# The Math Behind Mindfulness, Meditation and Fighting Stress

Brandy Sims
Core Spirit member since Dec 24, 2020
·Mar 29, 2018

The practice of mindfulness is becoming increasingly popular. It’s only a matter of time this becomes yet another billion dollar industry with some good products teaching us how to train your mind.

I have been practicing mindfulness for the last 7 years and the engineer in me has been searching for the science/math in it leaving out the spirituality part. I happen to read a great post on Hacker News explaining how Fourier Transform does it’s magic of identifying different notes/signals/waves in a single wave when you play a piano. Here, i will try to make a case that mindful meditation is the Fourier transform for your mind.

### What is Fourier Transform

Quoting a gist from the great article explaining Fourier transform and how it powers MP3, JPEG compressions to MRI scans. The Fourier transform is like a mathematical prism — you feed in a wave and it spits out the ingredients of that wave—the notes (or sine waves) that when added together will reconstruct the wave.

Here, the final wave in light blue is actually three waves combined together. Fourier transform gives you this ability to find all the waves which produce this complex wave.

### What goes on in your mind

An untrained mind at rest also looks like a complex wave with many overlapping waves powered by various emotions humans experience. This explains why sometimes we are not able to focus or articulate what exactly we are experiencing.

### What can Mindful Meditation do

Before we understand how it works, let’s see what it can do. With enough practice it can help you do two things:

1. Understand what’s going on in your mind i.e. breaking your complex thought wave into the various thoughts/emotions you are experiencing at the moment.

2. With enough practice and training you can achieve these long pauses where you are in control of your thoughts/mind on demand. This has profound impacts on your ability to control/master your emotions, achieve long term attention and handle any anxiety/stress or fear head on which is related to your mental and physical well being.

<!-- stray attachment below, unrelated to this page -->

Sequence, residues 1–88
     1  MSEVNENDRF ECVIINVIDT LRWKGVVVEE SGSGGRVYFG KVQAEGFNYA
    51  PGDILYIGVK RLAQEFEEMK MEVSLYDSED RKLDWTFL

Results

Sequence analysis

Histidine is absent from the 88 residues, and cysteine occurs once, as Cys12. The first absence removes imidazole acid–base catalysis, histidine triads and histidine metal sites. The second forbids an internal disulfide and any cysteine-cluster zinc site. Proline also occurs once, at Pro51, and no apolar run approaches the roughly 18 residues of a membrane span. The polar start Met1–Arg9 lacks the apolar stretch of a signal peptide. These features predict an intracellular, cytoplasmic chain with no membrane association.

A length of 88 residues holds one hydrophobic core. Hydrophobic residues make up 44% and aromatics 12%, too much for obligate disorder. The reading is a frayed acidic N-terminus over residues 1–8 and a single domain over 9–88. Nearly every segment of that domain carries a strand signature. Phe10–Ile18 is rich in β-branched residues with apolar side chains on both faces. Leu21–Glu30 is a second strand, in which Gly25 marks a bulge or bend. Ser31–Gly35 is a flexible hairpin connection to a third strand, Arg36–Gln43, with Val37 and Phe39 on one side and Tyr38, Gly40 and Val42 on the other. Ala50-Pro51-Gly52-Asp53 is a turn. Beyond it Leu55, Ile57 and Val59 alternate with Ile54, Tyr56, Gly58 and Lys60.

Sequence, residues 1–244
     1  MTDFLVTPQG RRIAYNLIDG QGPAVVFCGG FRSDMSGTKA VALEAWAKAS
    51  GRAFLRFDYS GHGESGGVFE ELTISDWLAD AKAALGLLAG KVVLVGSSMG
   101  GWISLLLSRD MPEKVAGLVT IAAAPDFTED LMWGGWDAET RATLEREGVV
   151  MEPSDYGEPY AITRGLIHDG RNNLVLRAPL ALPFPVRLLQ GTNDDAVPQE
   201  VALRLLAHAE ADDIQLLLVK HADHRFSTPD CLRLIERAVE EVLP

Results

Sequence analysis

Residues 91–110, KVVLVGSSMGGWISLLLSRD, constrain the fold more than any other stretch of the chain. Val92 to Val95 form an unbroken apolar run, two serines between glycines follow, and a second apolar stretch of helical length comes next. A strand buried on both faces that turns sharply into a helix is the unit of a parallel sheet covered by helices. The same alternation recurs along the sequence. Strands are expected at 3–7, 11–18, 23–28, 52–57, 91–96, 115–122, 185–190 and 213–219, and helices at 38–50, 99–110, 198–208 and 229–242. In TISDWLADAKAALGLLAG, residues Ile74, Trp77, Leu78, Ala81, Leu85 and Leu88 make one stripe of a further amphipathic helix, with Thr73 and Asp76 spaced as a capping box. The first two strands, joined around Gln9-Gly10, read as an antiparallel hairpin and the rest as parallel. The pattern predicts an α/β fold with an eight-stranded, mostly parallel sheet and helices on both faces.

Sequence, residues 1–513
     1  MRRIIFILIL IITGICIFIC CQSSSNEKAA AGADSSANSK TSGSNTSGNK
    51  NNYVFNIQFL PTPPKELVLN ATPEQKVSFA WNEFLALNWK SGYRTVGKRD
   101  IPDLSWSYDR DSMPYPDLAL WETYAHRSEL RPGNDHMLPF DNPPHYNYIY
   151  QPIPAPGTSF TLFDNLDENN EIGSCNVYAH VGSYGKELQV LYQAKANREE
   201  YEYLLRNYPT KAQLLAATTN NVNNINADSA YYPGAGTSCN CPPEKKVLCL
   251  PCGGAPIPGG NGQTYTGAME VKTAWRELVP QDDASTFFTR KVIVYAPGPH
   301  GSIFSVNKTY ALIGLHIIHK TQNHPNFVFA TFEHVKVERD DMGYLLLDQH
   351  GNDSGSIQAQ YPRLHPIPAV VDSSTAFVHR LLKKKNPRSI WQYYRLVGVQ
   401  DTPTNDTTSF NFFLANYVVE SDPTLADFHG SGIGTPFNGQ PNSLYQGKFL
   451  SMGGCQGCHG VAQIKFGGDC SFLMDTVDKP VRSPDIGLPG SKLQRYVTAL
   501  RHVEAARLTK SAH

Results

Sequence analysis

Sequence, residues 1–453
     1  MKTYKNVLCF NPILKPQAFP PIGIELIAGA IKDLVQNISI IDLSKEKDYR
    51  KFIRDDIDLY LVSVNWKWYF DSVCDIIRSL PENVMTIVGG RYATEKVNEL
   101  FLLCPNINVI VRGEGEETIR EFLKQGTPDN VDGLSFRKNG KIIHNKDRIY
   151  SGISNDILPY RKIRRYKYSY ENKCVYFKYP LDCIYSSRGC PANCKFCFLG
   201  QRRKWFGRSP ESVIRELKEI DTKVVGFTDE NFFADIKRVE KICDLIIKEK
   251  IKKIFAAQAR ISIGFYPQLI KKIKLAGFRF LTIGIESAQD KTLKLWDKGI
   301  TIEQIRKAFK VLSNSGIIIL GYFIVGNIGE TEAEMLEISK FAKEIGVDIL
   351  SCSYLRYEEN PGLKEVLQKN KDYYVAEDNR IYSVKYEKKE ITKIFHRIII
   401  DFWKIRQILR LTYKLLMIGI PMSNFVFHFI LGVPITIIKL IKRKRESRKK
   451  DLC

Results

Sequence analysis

### Managing Stress

As quoted from this article MRI scans show that after an eight-week course of mindfulness practice, the brain’s “fight or flight” center, the amygdala, appears to shrink. This primal region of the brain, associated with fear and emotion, is involved in the initiation of the body’s response to stress.

Mindfulness practice and expertise is associated with a decreased volume of grey matter in the amygdala (red), a key stress-responding region. (Image courtesy of Adrienne Taren). As the amygdala shrinks, the pre-frontal cortex – associated with higher order brain functions such as awareness, concentration and decision-making – becomes thicker.

The “functional connectivity” between these regions – i.e. how often they are activated together – also changes. The connection between the amygdala and the rest of the brain gets weaker, while the connections between areas associated with attention and concentration get stronger.

The scale of these changes correlate with the number of hours of meditation practice a person has done, says Adrienne Taren, a researcher studying mindfulness at the University of Pittsburgh.

“The picture we have is that mindfulness practice increases one’s ability to recruit higher order, pre-frontal cortex regions in order to down-regulate lower-order brain activity,” she says.

In other words, our more primal responses to stress seem to be superseded by more thoughtful ones.

Lots of activities can boost the size of various parts of the pre-frontal cortex – video games, for example – but it’s the disconnection of our mind from its “stress center” that seems to give rise to a range of physical as well as mental health benefits, says Taren.

### How do i go about mindful meditation

First things first, you need to be ready to take this uphill ride, it’s harder than hitting the gym daily. If you have reached till here then i’d propose doing some reading and starting the daily practice.

The post has originally appeared on LinkedIn. Written by Inder Singh